World Bulletin / News Desk
Friday's dailies mainly covered ongoing controversy between President Recep Tayyip Erdogan and Turkey’s main opposition Republican People’s Party (CHP) leader Kemal Kilicdaroglu.
On May 11, Kilicdaroglu said that a presidential system could not happen “without shedding blood,” during a speech at the Turkish Union of Chambers and Commodity Exchanges (TOBB) in Ankara.
“We donate blood only to the Red Crescent,” was STAR’s headline, reporting that Erdogan slammed Kilicdaroglu’s remarks.
“Only dictators and murderers shed blood,” Erdogan said, adding that the Turkish parliament and the nation will decide the fate of presidential system, according to STAR.
HURRIYET and MILLIYET reported that Erdogan harshly criticized Kilicdaroglu’s statement. “These remarks are a betrayal of the nation,” was HURRIYET’s headline.
“Civil war promoter,” run a headline on YENI SAFAK’s front page. The daily claimed that the nation slammed the opposition leader’s remarks.
“Common view is that ‘CHP leader is calling for civil war,’ ‘threat and blackmailing to the nation,’ and ‘longing for a coup d’état’,” YENI SAFAK wrote.
The daily also reported that Ankara Public Prosecutor's office launched an investigation into Kilicdaroglu for allegedly inciting people to commit crime.
The ruling Justice and Development (AK) Party has been drafting a new constitution that is expected to change the country’s parliamentary system into an executive presidential system.
Opposition parties, including the CHP, have been against such a change.
CHP leader Kilicdaroglu responded to criticisms of his speech.
“I am not afraid of prosecutors,” was MILLIYET’s headline, reporting that Kilicdaroglu said his remark was “crystal clear”.
HURRIYET reported that Kilicdaroglu had not budged against criticisms and gave examples from those people who paid the price for democracy, including former prime minister Adnan Menders who was hanged after Turkey’s 1960 military coup.
Today’s dailies also covered talks between the European Union and Turkey on visa liberalization for Turkish citizens.
“Revision is impossible,” was VATAN’s headline.
Turkish EU Minister Volkan Bozkir said Turkey could not revise its anti-terror laws, adding that Turkey has made enough efforts for visa liberation, according to VATAN.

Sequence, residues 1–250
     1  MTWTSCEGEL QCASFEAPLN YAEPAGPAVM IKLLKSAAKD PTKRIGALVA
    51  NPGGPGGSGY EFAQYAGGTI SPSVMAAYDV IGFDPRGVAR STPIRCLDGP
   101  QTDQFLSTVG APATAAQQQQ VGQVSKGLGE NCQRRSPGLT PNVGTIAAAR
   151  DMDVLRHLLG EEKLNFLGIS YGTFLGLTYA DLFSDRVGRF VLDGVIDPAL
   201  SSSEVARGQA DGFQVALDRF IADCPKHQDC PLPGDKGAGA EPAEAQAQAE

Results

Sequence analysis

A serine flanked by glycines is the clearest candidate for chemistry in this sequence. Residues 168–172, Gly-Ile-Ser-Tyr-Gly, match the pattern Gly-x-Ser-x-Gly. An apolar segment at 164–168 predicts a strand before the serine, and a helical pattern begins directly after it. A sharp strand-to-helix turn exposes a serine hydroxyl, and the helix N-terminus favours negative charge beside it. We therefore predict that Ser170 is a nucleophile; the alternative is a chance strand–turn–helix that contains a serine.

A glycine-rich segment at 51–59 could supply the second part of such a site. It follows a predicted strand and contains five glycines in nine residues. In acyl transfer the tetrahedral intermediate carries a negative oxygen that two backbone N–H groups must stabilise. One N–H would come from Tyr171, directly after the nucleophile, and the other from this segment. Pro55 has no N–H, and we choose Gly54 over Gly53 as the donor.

Last week, the European Commission proposed visa-free travel for Turks as part of a deal which would also see Turkey stem the refugee flow to Europe in exchange for speeding up the candidate country’s EU membership.
However, among five remaining benchmarks for Turkey to address in order to receive visa freedom, the EU has required a change in Ankara's legislation on terrorism – a demand that President Erdogan has criticized and rejected.
“Turkey would give up on visa-free travel,” was YENI SAFAK’s headline while HABERTURK claimed that the European Union would introduce visa-free travel to Turkish citizens in October instead of June.
Meanwhile, on May 13, 2014, an explosion and fire in the Soma mine in the western part of Turkey lead to the deaths of 301 men.
Some Turkish dailies covered the second anniversary of the blast on their front pages.
HURRIYET said: “Never forget us.”
The daily said agony among victims’ families has been vivid.
“Can we forget? But everybody else did so quickly. We are so lonely in that court house,” Senem Yildirim who lost his two sons in the tragic event, told HURRIYET.
Berkan Kose, who lost his father, said he wanted to become a deputy to revise laws on mining. “We are forgotten but the tragedy is still in my mind,” he was quoted as saying.
A terror attack in Istanbul and Diyarbakir on Thursday also appeared on dailies’ front pages.
“The target was soldiers,” was CUMHURIYET’s headline.
CUMHURIYET reported that an explosion hit a military vehicle in the Sancaktepe area of Istanbul’s Asian side and nine people, including six soldiers, were injured.
The daily also reported that four people were killed in southeastern Diyarbakir province in an explosion.Güncelleme Tarihi: 13 Mayıs 2016, 10:54